An upgrade from these local buses are the premium tourist buses. While a seat may cost you several times that of a local bus, you will generally benefit from the very latest in coach-related technology. Generally, on par with high-quality coaches in the developed world, you can anticipate reclining seats, plenty of space and more reliable transit to your chosen destination.
Taxis are commonplace in Peru, and for good reason. There is little or no regulation of taxis in Peru, meaning that almost anyone can place a sticker in their car window and supplement their income by chauffeuring around tourists. While this means that taxis are ubiquitous in Peru, it also brings with it associated passenger risk. For obvious reasons very few taxis in Peru have a meter so discuss prices before embarkation and don’t be afraid to haggle; tourists are often charged far more than locals.
There are a small number of railways in Peru, many of them leading to Machu Picchu. The Ferrocaril Central Andino is considered the world’s highest train and provides spectacular views of the countryside.
Healthcare in Peru operates under a decentralized system with five different sectors controlling a variety of medical establishments. The capital city of Peru, Lima, offers the highest levels of medical care, where 24-hour clinics and surgeries can be relied upon.
Outside of this urbanization, however, medical care is patchy at best. In rural areas, you may struggle to receive even basic care.
Publicly-accessible medical facilities are often crowded and under-funded meaning that waiting times can be considerable. For this reason, many travellers and expats rely on private healthcare facilities (which make up roughly 10% of the healthcare industry in Peru).
It is advisable to invest in Expat Insurance before visiting Peru, in order to control healthcare costs. In extreme circumstances repatriation may be required, and this is not a cheap exercise without suitable insurance.
The official currency of Peru is the “Neuvo Sol” (plural Nuevos Soles). The name means “new sun” and is a “hat tip” to the original Peruvian “sol” currency which faded out in 1985.
Alternatively, US dollars are widely accepted, especially in the areas more popular with tourists.
Accessing your money in Peru is relatively simple, thanks to the large number of ATMs. For non-Spanish speakers, many ATMs provide the opportunity to conclude your transaction in English. Note that muggings have occurred at ATMs in the past, so for safety, it is recommended you use ATMs located within banks or other secure facilities.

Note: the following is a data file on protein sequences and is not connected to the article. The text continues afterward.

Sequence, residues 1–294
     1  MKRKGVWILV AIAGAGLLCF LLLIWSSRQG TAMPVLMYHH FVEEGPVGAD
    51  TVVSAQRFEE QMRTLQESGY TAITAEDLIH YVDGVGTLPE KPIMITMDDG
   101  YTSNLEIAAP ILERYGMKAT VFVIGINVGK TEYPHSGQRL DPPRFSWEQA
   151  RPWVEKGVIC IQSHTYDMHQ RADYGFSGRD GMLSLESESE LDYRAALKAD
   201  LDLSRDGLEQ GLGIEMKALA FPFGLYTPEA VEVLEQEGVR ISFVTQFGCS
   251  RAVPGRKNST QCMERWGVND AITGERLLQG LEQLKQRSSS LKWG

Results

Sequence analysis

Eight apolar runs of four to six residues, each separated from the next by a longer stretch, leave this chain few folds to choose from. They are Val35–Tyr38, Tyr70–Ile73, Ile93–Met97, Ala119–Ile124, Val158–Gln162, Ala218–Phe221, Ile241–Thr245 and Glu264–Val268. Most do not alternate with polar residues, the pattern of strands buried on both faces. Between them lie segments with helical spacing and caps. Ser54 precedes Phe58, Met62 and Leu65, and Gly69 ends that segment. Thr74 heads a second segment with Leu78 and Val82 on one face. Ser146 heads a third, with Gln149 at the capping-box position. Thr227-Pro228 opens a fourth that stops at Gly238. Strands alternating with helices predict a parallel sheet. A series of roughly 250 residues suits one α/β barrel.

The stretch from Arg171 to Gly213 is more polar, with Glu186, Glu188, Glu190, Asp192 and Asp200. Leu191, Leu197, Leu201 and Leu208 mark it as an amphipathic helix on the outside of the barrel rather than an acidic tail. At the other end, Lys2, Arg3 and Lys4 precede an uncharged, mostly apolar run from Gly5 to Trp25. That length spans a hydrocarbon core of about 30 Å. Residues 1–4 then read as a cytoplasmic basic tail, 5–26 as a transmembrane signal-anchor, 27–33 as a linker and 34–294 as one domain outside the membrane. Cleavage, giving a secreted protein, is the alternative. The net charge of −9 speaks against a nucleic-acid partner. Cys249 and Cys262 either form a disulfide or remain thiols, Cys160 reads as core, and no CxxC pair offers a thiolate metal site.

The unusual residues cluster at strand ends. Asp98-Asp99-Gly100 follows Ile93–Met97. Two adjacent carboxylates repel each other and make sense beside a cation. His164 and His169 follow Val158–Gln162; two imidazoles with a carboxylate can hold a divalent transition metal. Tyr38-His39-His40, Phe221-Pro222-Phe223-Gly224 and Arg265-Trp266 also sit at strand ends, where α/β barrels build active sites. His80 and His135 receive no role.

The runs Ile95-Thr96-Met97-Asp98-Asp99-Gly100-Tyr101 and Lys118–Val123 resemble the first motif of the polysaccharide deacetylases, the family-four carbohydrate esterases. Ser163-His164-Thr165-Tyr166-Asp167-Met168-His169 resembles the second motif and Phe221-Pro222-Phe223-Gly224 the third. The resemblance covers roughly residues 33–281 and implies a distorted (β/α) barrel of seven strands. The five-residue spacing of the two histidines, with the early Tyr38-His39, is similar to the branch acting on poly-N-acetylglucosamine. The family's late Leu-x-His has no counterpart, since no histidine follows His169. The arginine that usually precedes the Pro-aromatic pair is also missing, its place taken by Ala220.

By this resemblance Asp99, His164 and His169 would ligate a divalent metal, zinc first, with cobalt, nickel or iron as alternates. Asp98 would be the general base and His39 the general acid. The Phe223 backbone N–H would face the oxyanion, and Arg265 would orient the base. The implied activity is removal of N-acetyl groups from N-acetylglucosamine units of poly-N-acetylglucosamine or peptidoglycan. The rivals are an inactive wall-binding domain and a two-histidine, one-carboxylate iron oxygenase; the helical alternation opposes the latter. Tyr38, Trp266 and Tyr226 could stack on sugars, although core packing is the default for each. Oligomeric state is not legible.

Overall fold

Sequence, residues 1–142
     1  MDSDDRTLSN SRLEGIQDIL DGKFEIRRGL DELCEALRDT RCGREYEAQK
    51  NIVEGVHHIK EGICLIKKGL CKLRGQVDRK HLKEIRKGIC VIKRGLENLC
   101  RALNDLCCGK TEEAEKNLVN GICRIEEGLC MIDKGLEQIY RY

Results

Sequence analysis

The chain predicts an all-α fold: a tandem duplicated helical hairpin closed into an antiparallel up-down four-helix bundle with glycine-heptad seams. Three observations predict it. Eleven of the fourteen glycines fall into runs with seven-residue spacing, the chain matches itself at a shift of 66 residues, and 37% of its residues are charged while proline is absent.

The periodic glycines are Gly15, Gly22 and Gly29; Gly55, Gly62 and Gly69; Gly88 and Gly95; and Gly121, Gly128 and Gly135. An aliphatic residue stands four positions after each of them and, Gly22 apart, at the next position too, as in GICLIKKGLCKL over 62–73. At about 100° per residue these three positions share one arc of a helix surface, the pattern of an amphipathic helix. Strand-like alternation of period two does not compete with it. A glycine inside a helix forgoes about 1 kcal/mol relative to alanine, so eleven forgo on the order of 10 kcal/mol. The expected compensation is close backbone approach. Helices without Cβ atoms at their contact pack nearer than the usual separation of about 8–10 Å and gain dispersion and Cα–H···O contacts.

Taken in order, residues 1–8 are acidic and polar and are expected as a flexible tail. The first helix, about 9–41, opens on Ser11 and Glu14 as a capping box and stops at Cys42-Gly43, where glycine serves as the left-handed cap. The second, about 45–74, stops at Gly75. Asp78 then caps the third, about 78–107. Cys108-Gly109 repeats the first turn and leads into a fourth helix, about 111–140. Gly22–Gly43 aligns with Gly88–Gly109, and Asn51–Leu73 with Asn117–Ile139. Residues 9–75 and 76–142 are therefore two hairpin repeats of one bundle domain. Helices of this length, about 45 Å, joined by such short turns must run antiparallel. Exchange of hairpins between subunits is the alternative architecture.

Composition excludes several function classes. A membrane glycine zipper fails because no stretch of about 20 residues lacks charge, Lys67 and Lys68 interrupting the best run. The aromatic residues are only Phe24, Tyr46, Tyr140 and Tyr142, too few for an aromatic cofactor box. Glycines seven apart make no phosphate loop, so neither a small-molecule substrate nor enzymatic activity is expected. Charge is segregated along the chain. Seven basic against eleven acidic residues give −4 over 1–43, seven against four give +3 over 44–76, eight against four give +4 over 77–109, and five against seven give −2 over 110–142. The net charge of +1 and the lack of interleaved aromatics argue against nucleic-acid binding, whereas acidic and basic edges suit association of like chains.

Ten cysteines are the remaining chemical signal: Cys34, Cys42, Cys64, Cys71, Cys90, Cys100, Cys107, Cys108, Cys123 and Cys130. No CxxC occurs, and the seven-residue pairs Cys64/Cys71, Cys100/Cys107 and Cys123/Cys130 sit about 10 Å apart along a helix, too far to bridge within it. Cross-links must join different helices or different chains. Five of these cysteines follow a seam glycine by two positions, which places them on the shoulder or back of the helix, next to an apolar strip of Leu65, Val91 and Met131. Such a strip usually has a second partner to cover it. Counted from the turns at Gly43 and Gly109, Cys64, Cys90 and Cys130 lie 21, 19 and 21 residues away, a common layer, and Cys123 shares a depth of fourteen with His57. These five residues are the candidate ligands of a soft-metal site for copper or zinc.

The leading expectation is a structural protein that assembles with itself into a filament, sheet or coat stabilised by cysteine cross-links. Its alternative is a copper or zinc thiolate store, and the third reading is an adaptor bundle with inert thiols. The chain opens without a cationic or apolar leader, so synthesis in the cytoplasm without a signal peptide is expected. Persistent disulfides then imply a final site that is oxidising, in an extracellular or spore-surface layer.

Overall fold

Note that traveller’s cheques can be difficult to cash here (many banks will refuse them). In addition, the fees charged on cashing traveller’s cheques can be exorbitant. Generally speaking, therefore, ATMs represent a better option.
When exchanging currency there are a number of important points that should be borne in mind. Firstly, fake notes are rife, so it is advisable to use a reputable bank or currency exchange office rather than street-side vendors. Doing so will minimize any risk.
In addition, many travellers have found it difficult to break large notes, especially in rural areas. To avoid having to overpay and leave your money behind, it is consequently advisable to request small notes when exchanging currency. The phrase “billetes pequenos” can be helpful.
Schools in Peru
Peru has worked hard on its education system, and schooling is now both free and compulsory up to the age of 16. That said, a recent assessment by the Programme for International Students gave Peruvian schools the lowest possible ranking in terms of pupil achievement. When combined with the Spanish language barrier, many expat parents instead opt for one of the many international schools.
It is important to note that inclusion of some parts of the Peruvian curriculum may be required by law to be taught. While this arguably adds extra interest to schooling in Peru, it does mean that even many international schools are unable to mirror the US or UK curriculum exactly.
Peru Food & Drink
The food in Peru has been termed “fusion cuisine” as successive immigrants have added their own unique twist to the typical ingredients on offer in Peru. This makes for a broad and varied range of foods and can make Peru an enticing destination for food lovers.